On July 4, several drivers were apprehended by the Inter-Agency Council for Traffic in Pasay City for being in the EDSA bus lane. In a viral video, one motorcycle rider said: “I know this is a bus lane, but I didn’t know it’s a violation to drive here.” He thought the bus lane was also a fast lane. Still, whether he was sincere or was just trying to save face on camera is arguable.
One thing that isn’t up for debate is that private motorists should not be in the exclusive bus lane—if the signs aren’t obvious enough. Just because the lane is clear doesn’t mean it’s free for anyone to use, and this also applies to bike lanes and sidewalks.
We know how tempting it can be to slot your vehicle into a lane devoid of any traffic. But you’re not the only one on the road. Multitudes of Filipinos spend hours on their daily trips across the city with the majority dependent on public transportation. And you’re no more important than everyone else.
The reason why there is a bus lane is to keep the path clear for the EDSA Carousel. We respect those who choose to drive their own car or motorcycle. But we need to recognize the importance of mass transit. One bus can move so much more people than a private vehicle.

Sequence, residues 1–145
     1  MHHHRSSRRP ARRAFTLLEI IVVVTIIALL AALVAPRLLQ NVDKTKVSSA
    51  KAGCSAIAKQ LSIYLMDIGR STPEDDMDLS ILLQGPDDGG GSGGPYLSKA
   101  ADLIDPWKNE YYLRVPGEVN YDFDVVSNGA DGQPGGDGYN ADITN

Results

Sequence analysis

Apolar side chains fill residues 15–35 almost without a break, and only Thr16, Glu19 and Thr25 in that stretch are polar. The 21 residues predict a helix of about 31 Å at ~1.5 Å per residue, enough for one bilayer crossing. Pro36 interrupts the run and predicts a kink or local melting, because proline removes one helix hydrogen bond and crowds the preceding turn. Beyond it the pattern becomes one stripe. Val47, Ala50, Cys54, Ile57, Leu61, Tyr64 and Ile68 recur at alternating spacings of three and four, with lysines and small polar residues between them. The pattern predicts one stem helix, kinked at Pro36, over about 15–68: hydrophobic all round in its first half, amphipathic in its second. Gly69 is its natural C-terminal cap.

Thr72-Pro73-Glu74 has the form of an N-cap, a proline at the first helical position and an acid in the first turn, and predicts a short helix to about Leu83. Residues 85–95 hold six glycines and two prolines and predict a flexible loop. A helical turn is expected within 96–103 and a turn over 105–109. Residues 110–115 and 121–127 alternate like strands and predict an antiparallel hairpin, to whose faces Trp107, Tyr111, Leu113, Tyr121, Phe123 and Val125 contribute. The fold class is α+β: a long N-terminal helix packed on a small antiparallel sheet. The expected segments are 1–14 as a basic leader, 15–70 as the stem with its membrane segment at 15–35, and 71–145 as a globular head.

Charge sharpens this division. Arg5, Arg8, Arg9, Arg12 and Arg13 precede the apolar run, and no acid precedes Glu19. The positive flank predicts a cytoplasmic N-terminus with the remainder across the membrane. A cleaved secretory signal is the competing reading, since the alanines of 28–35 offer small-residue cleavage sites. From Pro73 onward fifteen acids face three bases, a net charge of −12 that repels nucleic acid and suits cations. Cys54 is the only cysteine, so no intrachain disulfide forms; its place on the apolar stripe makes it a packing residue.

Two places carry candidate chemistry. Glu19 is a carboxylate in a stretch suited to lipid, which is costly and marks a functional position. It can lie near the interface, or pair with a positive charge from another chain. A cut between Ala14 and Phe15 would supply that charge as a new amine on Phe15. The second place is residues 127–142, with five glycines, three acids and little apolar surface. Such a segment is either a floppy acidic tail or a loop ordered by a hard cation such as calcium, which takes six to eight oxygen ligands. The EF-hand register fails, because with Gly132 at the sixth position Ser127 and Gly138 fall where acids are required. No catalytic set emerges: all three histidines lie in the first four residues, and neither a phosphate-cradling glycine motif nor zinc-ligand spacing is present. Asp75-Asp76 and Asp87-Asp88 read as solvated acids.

And that’s the key. Things will be better for everyone if people weren’t as dependent on cars, as there will be less congestion on the road. But given a choice, why would anyone ride public transportation if they will end up in traffic just like everyone else?
Staying outside the bus lane isn’t going to cut down your travel time. But it is one concrete step motorists can take to prevent traffic from worsening. Also, ignorance of the law is not an excuse to break it. So, don’t be surprised if an enforcer apprehends you for violating the exclusive bus lane.